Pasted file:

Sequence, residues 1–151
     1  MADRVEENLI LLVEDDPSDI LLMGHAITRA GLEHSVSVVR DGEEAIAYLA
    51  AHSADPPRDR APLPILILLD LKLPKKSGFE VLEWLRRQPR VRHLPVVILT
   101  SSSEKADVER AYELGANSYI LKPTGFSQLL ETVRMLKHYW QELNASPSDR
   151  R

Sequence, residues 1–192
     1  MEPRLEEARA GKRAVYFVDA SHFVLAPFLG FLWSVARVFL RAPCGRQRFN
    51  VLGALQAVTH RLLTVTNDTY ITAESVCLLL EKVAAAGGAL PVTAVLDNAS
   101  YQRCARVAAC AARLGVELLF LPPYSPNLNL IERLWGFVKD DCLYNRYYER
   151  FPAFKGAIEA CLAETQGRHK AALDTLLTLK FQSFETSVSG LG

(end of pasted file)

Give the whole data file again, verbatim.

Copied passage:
Sequence, residues 1–151
     1  MADRVEENLI LLVEDDPSDI LLMGHAITRA GLEHSVSVVR DGEEAIAYLA
    51  AHSADPPRDR APLPILILLD LKLPKKSGFE VLEWLRRQPR VRHLPVVILT
   101  SSSEKADVER AYELGANSYI LKPTGFSQLL ETVRMLKHYW QELNASPSDR
   151  R

Sequence, residues 1–192
     1  MEPRLEEARA GKRAVYFVDA SHFVLAPFLG FLWSVARVFL RAPCGRQRFN
    51  VLGALQAVTH RLLTVTNDTY ITAESVCLLL EKVAAAGGAL PVTAVLDNAS
   101  YQRCARVAAC AARLGVELLF LPPYSPNLNL IERLWGFVKD DCLYNRYYER
   151  FPAFKGAIEA CLAETQGRHK AALDTLLTLK FQSFETSVSG LG